The internal structure of one of Saturn's moons is either wonky or awash with water, according to a new study.
Mimas is nicknamed the Death Star because it resembles the infamous Star Wars space station.
It has a tell-tale wobble that is twice as big as expected for a moon with a regular, solid structure.
The researchers offer two explanations: either it has a vast ocean beneath its surface, or a rocky core with a weird shape resembling a rugby ball.
The study appears in Science Magazine.
Its authors are astronomers in the US, France and Belgium, who based their calculations on high-resolution photos of Mimas snapped by the Cassini spacecraft.
Cassini was sent to Saturn in 1997 to explore the planet and its many moons, which so far number 62 (53 with names).
The researchers built a detailed 3D model of Mimas using images taken from various angles, and tracked the movement of hundreds of reference points on its pockmarked surface.
'After carefully examining Mimas, we found it librates - that is, it subtly wobbles - around the moon's polar axis,' said lead author Dr Radwan Tajeddine, who works at Cornell University in the US.
Apart from these gentle 'librations', Mimas otherwise presents the same face to Saturn throughout its orbit.
Our own moon has a similar motion, with a small wobble that offers us slightly different views of the satellite over time.
But when Dr Tajeddine and his colleagues put all their measurements together, they found that the surface of Mimas swivels back and forth by 6km.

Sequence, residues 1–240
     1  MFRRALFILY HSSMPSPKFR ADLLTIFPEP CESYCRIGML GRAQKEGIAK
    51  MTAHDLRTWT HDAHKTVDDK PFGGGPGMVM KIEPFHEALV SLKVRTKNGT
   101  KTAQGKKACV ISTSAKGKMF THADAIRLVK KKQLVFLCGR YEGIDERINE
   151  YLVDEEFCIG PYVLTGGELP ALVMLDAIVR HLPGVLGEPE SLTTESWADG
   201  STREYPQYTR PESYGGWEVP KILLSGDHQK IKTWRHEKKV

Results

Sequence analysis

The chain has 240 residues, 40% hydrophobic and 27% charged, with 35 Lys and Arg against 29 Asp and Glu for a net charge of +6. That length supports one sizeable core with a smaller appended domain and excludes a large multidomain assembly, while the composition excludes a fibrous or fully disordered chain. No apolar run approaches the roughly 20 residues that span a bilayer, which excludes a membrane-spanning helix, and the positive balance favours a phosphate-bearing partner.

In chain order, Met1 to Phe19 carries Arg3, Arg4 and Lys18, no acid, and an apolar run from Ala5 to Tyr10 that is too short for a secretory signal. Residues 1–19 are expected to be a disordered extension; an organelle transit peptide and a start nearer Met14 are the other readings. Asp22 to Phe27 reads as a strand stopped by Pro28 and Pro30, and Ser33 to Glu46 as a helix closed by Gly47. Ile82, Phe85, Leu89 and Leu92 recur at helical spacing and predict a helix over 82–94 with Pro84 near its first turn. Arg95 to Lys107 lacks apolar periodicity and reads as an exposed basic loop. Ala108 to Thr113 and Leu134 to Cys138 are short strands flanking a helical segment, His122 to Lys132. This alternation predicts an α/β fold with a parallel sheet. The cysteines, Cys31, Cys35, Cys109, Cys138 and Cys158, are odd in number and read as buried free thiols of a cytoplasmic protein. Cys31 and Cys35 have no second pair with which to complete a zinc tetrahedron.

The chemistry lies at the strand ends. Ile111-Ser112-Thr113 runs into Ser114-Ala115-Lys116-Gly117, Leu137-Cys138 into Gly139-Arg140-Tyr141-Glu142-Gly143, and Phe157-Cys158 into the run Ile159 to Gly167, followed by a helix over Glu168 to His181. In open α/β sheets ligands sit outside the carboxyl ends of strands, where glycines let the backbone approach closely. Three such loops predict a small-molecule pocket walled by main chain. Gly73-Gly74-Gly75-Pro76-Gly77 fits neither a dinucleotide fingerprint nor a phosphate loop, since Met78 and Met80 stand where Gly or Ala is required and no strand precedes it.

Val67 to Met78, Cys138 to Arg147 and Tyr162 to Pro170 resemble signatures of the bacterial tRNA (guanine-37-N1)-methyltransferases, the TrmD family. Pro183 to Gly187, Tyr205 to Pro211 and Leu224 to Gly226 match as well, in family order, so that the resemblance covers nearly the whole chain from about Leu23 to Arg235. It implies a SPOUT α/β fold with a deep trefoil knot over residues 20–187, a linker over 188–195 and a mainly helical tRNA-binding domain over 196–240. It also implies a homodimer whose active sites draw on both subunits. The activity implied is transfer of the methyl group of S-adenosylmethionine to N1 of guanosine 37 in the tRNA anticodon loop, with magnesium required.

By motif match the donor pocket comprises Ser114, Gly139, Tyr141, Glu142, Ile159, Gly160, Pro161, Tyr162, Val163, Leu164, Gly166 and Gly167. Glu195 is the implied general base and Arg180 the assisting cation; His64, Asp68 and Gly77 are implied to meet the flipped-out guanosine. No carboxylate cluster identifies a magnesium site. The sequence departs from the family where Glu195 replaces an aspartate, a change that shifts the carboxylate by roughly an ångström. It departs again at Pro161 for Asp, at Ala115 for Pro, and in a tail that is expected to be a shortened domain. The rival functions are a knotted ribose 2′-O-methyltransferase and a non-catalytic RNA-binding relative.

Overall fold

When we saw this wobbling, the first thing we thought of was an ocean'
End Quote Dr Radwan Tajeddine Cornell University
This is quite a wobble for a moon that measures less than 400km across. In fact, it is twice as much movement as expected, based on Mimas's size and its elliptical orbit.
'This is where we started thinking of more exotic interior models,' Dr Tajeddine told BBC News.
First, the team tested whether the extra rotation could be explained by a deformity underneath the enormous Herschel Crater, one-third the size of Mimas itself, which gives the moon its signature appearance.
But even a 'huge mass anomaly' created by the wallop that left the crater would not deliver the amount of movement that Dr Tajeddine's team had observed.
Instead, they wondered whether Mimas might be far from the simple, uniform sphere of ice and rock that most planetary scientists had previously assumed.
'Nature is essentially allowing us to do the same thing that a child does when she shakes a wrapped gift in hopes of figuring out what's hidden inside,' Dr Tajeddine said.
His team settled on two likely plot twists, wrapped beneath Mimas's icy crust.
Firstly, their calculations suggested that the wobbles could arise from a core that was squashed or elongated by 20-60km: a huge, central rugby ball of rock.
Alternatively, the moon could have a normal spherical core and crust, but separated by a 'global ocean'. That way, Dr Tajeddine explained, 'the shell can wobble more easily, because it's not attached to another mass'.
Of the two explanations, he favours the subterranean sea.
'When we saw this wobbling, the first thing we thought of was an ocean,' Dr Tajeddine said.
Either possibility would make Mimas a much more interesting research subject: 'This brings the spotlight back to this moon, which was a little bit ignored.'
Prof Chris Lintott, an astrophysicist at the University of Oxford, was surprised to hear of the new results.
'If you'd asked me before now, I would have said that Mimas is a boring, icy moon.
'If the ocean is really there, we're getting to the point where it's just completely standard for icy moons to have substantial bodies of water inside - and that could have interesting implications for how many of these things could support life.'
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